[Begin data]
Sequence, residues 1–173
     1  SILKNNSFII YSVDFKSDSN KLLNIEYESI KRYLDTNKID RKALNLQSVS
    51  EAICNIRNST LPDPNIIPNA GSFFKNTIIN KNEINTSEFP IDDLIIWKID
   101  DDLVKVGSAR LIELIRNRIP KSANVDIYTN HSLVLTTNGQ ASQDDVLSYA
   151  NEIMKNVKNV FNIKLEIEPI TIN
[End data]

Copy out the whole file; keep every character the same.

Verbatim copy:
Sequence, residues 1–173
     1  SILKNNSFII YSVDFKSDSN KLLNIEYESI KRYLDTNKID RKALNLQSVS
    51  EAICNIRNST LPDPNIIPNA GSFFKNTIIN KNEINTSEFP IDDLIIWKID
   101  DDLVKVGSAR LIELIRNRIP KSANVDIYTN HSLVLTTNGQ ASQDDVLSYA
   151  NEIMKNVKNV FNIKLEIEPI TIN